A dog licking the lips of another dog’s lips is often viewed as a soft and friendly appeasement gesture. Face and lip licking is most often offered by young puppies, but can carry on into adulthood. Face licking does have boundaries in the dog to dog world of interaction and socialization. So, what face licking is appropriate and what’s out of bounds?
Young puppies are offered a lot of behavior leniencies by their elders. Their wiggly, squirming, jumpy, face licking greetings are often allowed by older dogs. The adult dog stops, stands still and allows the pup to do his thing before moving on. As a pup matures from puppyhood to adolescence, however, dogs begin to teach the youthful dog more appropriate, calm, and less in-your-face behavior. At times, if a pup’s face licking antics go overboard an elder will correct him with a snark, “Enough already, get out of my face!”
Incessant face lickers can get themselves into trouble and start trouble. If you’ve been following Dogspeak, you remember that dogs are prone to “sniff of the butt” greetings. Face licking relentlessly might be tolerated by some, but is considered rude and discouraged by others.
Face licking is more complicated than most of us may think. In some cases, dogs can use face licking to throw out appeasement gestures that are syrupy sweet on the surface but have an agenda.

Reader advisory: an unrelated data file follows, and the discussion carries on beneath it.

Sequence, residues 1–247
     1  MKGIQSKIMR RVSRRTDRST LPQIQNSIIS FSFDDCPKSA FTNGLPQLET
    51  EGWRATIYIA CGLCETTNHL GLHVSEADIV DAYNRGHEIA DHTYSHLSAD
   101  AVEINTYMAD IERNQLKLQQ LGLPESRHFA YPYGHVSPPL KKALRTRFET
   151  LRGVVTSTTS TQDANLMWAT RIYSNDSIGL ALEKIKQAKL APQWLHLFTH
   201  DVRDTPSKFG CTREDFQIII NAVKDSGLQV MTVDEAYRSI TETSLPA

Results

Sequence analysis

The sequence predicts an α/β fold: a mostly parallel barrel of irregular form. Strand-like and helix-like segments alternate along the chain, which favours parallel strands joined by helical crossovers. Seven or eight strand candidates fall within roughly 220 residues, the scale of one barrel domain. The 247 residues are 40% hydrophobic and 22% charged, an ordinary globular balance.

In other dogs, the frantic face licking seems a reflection of anxiety. The dog is not overly self-assured and continues to offer the behavior as they have not developed a true confidence or natural ability to speak their own language more confidently and eloquently.
So, what seems within the range of normal and what’s out of bounds? Watch the reaction of the recipient. If the face licker is completely moving the recipient around a space — almost like herding the dog with his or her tongue, the behavior is likely over the top.
If your adolescent or adult dog offers incessant face licking with dogs that he does not have a solid relationship with, redirect his focus. Get him moving and doing something else. Do not correct him or physically pull him away (this will only fuel the issue), but call him off and tell him politely to go do something else (chase a ball, sniff grass). Other dogs in the park will appreciate your monitoring of his face cleaning services.
And about the dog that incessantly licks your face. Well, that’s up to you. If you don’t mind an organic dog face wash, well, go for it. If however the licking behavior is not calm, but overly excited and landing your dog into trouble with friends and other family members, probably best not to encourage it.